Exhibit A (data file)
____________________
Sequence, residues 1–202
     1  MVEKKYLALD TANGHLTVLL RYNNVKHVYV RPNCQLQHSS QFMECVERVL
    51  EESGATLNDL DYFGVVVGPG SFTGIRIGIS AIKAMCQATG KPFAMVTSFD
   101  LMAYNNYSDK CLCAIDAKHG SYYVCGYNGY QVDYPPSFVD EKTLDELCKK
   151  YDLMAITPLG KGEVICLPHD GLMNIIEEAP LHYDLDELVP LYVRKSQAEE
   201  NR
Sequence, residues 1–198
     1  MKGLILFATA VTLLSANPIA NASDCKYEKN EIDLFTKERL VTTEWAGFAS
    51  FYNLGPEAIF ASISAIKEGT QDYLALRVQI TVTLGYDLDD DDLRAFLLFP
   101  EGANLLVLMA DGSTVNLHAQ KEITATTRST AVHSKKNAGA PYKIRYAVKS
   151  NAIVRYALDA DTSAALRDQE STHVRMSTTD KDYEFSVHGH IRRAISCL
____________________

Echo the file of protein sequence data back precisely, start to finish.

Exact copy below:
Sequence, residues 1–202
     1  MVEKKYLALD TANGHLTVLL RYNNVKHVYV RPNCQLQHSS QFMECVERVL
    51  EESGATLNDL DYFGVVVGPG SFTGIRIGIS AIKAMCQATG KPFAMVTSFD
   101  LMAYNNYSDK CLCAIDAKHG SYYVCGYNGY QVDYPPSFVD EKTLDELCKK
   151  YDLMAITPLG KGEVICLPHD GLMNIIEEAP LHYDLDELVP LYVRKSQAEE
   201  NR
Sequence, residues 1–198
     1  MKGLILFATA VTLLSANPIA NASDCKYEKN EIDLFTKERL VTTEWAGFAS
    51  FYNLGPEAIF ASISAIKEGT QDYLALRVQI TVTLGYDLDD DDLRAFLLFP
   101  EGANLLVLMA DGSTVNLHAQ KEITATTRST AVHSKKNAGA PYKIRYAVKS
   151  NAIVRYALDA DTSAALRDQE STHVRMSTTD KDYEFSVHGH IRRAISCL